I was down to lead the medium traverse of the Haurangis, one of my favorite tramping haunts, but with no punters signed up things looked grim until Craig McGregor, an ex-Chief Guide, signed up. It’s been a few years since our glory days at the Tongue & Meats and, with no one else signed up, we were obviously forgotten; mere “has beens”. Craig, having spent so much time ultra-cycling with his feet cleated to his pedals, had all but forgotten how to walk, while child rearing is proving the ultimate endurance event of all for me.
Camping at the Pinnacles on Friday night, we were barely tucked away under the fly when the light but persistent rain started coming tumbling down for the night.
At daybreak, a brisk 800m ascent quickly reminded us that the Haurangis, although small in stature, are a nuggety and physical place to tramp. We caught the odd glimpse of the sea as the weather alternated between sunny and drizzly as we shared a robust conversation on the subjects of tramping, politics and rugby. Lunch followed the descent to Washpool Hut with a brew cooked on Craig’s DIY beer-can stove, which on this tramp proved to be a roaring success.
With tummies fully laden, another sharp ascent and descent led us to Pararaki Hut where we had originally intended to stay the night. There was enthusiasm for an early Sunday departure among other trips with which we shared transport. There was some rugby game on apparently, thus limiting us “has beens” to only a day and a half to relive the glory days. Over yet another brew, we hatched a cunning plan to push on toward Kawakawa Hut, thus allowing us to complete the originally intended route, with no shortcuts and finish by lunchtime Sunday. This would mean tramping to sunset but as veterans of many a fit trip that was par for the course.
The saddle and watershed area between the Pararaki and Kawakawa valleys is a lovely place. Great stream travel, marvelous stands of mature native trees and a spectacular descent into the Kawakawa stream over a well marked but not overly manicured route makes the Haurangi traverse one of the best Wellington based medium tramps on offer.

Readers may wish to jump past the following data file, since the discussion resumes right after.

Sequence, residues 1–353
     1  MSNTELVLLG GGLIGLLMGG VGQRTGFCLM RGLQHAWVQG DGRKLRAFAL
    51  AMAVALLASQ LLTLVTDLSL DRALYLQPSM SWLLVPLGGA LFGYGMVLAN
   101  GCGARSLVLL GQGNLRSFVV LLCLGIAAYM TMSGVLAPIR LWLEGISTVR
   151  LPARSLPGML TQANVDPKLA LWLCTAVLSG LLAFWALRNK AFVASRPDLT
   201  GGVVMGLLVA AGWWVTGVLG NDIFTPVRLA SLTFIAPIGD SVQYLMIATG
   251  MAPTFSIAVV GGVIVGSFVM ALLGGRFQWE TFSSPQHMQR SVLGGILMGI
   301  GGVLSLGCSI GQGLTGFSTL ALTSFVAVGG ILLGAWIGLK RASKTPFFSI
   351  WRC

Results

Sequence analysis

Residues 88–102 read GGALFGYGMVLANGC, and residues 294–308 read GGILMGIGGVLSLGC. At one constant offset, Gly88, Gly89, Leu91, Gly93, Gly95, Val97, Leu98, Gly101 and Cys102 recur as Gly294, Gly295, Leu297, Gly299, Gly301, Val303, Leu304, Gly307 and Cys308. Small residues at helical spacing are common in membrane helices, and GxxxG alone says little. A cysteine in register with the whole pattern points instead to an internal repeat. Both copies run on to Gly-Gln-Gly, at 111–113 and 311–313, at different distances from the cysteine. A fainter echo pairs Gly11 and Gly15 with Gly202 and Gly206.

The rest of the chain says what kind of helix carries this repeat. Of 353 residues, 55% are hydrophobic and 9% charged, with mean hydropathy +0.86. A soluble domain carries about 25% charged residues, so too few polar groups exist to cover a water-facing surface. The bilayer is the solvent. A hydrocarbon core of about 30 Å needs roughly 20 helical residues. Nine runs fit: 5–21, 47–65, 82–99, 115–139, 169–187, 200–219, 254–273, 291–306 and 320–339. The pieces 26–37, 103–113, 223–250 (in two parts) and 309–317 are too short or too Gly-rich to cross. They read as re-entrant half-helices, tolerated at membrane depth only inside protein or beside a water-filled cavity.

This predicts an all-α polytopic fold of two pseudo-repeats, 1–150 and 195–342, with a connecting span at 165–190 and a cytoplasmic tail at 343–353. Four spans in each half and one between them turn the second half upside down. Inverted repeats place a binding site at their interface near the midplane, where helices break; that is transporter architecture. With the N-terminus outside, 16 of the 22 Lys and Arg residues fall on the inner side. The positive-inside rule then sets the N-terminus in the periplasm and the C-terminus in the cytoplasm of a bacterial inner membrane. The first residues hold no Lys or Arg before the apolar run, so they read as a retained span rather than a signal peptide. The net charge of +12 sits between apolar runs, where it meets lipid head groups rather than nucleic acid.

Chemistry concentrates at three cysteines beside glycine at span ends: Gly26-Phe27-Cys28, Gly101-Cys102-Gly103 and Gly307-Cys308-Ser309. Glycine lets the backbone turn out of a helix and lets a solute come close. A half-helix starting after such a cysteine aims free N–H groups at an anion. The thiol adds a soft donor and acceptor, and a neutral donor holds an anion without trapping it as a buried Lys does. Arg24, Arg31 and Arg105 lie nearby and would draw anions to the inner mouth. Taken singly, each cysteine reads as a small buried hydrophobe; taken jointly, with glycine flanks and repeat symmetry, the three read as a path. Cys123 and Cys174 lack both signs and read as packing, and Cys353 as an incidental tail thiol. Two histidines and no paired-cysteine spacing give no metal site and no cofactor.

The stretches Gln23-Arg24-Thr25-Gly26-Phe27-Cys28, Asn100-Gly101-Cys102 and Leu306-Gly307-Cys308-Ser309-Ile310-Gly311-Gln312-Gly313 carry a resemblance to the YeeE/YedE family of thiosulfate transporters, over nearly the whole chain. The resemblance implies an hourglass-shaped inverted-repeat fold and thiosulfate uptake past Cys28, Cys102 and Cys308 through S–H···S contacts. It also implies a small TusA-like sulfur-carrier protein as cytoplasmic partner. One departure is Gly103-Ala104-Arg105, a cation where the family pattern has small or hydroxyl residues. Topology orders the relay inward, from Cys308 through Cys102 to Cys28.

We found the perfect campsite just above the Kawakawa Stream where we dined on chilli con carne and pasta before pitting down as the drizzle returned. It had been a long 12 hour day from start to finish but well worth the effort. We were both buzzing.
The next day brought clearing drizzle. We were at Kawakawa Hut within 30 minutes and breakfasted with the easy-medium group before heading south up the other branch of the valley towards the Kawakawa Saddle.
Travel was fast: the stream was low and its banks clear; yet in spite of this, the unimaginable happened: we became separated. The drama unfolded thus: I got ahead of Craig and stopped to brush my teeth. Five minutes passed. A little concerned I left my pack where it could easily be seen and headed back down stream to find Craig – to no avail. I had lost my punter in broad daylight in a narrow stream on a well marked route!
Punters don’t just vanish. Having thoroughly searched downstream I continued slowly up it looking for tracks, and soon found a single fresh footprint; the manhunt was over. Craig had walked passed me while I waited. A man sized boulder in the stream between us combined with river noise had rendered me invisible as he walked up the other side a mere 5 meters from me. It was as likely as tossing a coin which lands on its edge, but we had done it achieving the impossible.
The next hour was spent catching up to Craig who was cursing his miserable leader for charging ahead and not bothering to wait or grant him a break. He could not believe it when he saw me approaching from behind. I was, he alleged, playing tricks and telling fibs; no way was it possible to lose each other in such a benign place. After a brief but intense discussion we found the funny side of it and resumed the steady pleasant plod over the saddle to Mangatoetoe Hut for a quick bite before the final trudge to the sea with the sun finally coming out in earnest.